The Weekend Links

"¢ My mom likes to talk about the "good ole days." But were they always so good? Here are 10 Creepy Old Ads to make you think twice before hopping into that time machine. (Thanks Janice from Atlanta)

"¢ Who was the Mona Lisa named after? Madd Zapper (are you a Zappa cousin?) sent in an article on this intriguing discovery.

"¢ Breann from Bloomington, Illinois, sent in this vintage link for Viking Kittens. If you haven't seen it before, give it a look. I can no longer hear the song without seeing bobble-headed kitties valiantly crossing a lake.

Our friends at YesButNoButYes have put together their Top Ten Trends for 2007. It really was a year for ugly fish, I'll give them that.

"¢ Brett Favre may soon lead the Packers to the Super Bowl, but did you know he was originally drafted by the Falcons? I happened to catch a guy wearing his Falcons jersey last week, and I wept openly. If you've spotted a ridiculous jersey, snap a pic and send it to Our own Ethan Trex runs a website called Straight Cash, Homey that aims to become the internet's #1 resource for pictures of people in Ryan Leaf-esque jerseys.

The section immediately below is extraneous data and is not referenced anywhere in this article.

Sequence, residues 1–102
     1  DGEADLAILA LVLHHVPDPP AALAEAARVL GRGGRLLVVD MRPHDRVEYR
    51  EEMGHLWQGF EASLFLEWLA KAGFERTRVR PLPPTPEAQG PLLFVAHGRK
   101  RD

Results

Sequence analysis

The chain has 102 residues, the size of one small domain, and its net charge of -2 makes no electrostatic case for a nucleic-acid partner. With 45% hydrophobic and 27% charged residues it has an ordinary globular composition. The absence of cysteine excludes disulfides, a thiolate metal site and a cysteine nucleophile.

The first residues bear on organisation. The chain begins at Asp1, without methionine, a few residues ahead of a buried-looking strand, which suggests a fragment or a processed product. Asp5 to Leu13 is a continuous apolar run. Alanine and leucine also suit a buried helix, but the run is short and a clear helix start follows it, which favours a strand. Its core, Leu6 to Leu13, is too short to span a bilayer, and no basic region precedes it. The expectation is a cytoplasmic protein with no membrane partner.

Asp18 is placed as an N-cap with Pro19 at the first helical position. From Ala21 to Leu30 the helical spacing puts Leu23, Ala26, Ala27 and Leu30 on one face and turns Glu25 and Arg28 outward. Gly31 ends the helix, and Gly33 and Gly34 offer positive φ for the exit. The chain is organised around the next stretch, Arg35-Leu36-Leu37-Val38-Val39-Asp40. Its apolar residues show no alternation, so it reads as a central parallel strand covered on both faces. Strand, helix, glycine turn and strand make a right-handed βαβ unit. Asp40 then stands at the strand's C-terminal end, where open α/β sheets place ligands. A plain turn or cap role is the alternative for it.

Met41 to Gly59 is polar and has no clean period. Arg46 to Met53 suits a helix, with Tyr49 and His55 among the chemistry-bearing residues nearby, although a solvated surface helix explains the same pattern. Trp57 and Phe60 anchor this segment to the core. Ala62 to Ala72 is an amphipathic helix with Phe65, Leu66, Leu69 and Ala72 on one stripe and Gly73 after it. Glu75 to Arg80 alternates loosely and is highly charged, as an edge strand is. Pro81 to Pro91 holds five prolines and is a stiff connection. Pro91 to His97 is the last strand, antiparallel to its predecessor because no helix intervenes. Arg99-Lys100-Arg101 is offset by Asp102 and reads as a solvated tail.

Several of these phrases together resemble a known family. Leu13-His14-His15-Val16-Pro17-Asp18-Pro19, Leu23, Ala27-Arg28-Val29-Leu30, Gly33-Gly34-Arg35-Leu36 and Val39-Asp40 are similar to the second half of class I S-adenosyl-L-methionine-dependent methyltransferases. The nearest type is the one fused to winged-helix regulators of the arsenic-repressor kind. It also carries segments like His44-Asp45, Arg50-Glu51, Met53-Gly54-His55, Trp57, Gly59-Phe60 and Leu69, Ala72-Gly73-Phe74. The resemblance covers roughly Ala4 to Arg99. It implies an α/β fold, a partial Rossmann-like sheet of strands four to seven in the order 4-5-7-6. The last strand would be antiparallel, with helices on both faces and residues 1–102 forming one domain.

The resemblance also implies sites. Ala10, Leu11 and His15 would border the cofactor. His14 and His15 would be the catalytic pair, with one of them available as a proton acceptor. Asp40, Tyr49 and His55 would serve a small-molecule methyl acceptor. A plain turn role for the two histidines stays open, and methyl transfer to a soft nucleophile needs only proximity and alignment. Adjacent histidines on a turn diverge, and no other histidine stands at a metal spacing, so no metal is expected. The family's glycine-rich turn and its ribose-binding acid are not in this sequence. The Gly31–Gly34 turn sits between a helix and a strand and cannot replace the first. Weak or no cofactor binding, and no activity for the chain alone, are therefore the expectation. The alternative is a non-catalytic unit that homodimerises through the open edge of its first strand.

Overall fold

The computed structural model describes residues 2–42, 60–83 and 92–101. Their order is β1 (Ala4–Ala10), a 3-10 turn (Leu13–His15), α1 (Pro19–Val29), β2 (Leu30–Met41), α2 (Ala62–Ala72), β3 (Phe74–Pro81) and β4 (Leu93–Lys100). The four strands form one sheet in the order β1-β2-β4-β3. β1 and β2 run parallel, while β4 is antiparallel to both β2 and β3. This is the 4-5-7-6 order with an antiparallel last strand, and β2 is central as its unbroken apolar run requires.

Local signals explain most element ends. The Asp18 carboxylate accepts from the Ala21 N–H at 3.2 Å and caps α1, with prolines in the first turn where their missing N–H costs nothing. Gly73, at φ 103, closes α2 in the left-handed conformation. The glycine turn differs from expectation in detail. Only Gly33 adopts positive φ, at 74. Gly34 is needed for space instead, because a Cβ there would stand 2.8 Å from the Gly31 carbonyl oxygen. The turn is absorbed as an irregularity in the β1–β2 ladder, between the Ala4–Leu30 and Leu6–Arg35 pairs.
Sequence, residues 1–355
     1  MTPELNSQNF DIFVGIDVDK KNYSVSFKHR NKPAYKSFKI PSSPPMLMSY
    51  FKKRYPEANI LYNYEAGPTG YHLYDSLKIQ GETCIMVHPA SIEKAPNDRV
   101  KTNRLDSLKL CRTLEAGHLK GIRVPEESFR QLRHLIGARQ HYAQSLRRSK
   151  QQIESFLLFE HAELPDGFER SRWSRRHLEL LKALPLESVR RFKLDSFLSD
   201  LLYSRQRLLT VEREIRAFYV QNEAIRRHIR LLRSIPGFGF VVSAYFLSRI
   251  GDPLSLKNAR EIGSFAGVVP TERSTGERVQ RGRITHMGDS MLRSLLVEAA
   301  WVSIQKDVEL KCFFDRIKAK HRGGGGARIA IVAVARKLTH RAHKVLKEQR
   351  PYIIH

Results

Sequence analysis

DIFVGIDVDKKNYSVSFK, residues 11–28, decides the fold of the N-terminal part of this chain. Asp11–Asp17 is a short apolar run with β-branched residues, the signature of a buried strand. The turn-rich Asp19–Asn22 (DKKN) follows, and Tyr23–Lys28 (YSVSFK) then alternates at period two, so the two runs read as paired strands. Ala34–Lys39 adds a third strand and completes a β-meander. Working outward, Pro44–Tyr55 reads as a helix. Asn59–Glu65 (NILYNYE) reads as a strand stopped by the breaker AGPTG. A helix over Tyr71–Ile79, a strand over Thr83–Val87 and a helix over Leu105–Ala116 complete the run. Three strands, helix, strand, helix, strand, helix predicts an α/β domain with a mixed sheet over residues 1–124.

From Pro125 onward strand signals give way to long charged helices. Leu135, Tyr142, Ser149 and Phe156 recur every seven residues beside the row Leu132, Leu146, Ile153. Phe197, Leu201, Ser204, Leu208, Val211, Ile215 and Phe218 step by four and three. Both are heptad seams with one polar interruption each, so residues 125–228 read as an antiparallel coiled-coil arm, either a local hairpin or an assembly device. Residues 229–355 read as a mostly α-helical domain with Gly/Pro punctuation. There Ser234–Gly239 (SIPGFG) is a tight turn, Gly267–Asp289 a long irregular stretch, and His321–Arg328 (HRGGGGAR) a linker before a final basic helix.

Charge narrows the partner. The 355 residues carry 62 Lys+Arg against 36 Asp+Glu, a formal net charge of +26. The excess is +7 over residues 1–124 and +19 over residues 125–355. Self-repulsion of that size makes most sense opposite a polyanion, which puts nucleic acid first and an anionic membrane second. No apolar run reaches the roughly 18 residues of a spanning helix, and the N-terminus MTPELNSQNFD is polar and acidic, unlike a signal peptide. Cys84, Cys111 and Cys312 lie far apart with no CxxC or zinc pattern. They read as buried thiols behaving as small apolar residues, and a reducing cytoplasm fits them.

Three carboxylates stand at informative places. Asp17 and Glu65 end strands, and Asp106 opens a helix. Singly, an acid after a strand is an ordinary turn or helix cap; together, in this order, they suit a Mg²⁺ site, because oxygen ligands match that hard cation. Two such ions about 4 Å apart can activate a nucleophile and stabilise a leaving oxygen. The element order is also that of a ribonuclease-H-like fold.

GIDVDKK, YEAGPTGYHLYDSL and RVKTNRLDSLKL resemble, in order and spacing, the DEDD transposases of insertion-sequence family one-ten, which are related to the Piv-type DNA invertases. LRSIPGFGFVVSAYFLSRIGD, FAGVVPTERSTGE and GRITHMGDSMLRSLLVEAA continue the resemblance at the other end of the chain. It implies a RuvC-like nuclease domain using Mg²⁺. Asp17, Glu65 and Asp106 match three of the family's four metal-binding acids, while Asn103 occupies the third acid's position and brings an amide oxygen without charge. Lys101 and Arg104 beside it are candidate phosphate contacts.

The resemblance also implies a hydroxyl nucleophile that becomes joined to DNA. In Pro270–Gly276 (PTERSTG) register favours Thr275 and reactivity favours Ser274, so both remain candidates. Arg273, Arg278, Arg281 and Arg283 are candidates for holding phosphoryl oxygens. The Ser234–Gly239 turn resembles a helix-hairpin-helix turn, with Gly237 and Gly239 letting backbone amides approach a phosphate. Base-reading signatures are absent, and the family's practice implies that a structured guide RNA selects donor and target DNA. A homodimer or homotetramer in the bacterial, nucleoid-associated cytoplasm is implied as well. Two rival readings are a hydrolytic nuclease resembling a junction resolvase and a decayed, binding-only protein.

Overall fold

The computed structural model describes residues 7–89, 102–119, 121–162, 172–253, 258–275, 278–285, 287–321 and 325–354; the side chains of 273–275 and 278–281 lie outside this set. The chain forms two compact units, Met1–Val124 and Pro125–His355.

"¢ This link on Ads vs Reality made me consider bringing my lunch from home. We know that advertisers use all kinds of tricks to make fast food look delicious, but imagine their campaigns if they stuck to the real thing. (Thanks Suzie from South of Boston for the link)

"¢ Parody songs are a genre I typically avoid, but this Harry Potter tribute song to the tune of "Hey Delilah" made me chuckle. Reader Erin says she most identified with the lyric, "Ohh what you do to me / even though I'm 33..."

"¢ Say whoa unto us, the television fan, for what cometh. With the ongoing writers strike, be prepared to be inundated by reality shows. Some will be good, some will be bad, and some will be about...Webster?

"¢ Flossy reader Patrick from Elberton, Georgia, is mighty talented "“ and legally blind! He made the above origami peacock, which I think could rival some of the paper art made by Physicist Robert Lang. The best I can make is a fortune teller, and some eight-year-olds have told me "it's not all that." Patrick also sent in this incredible video on sand art. The obvious question for Patrick -- how are you reading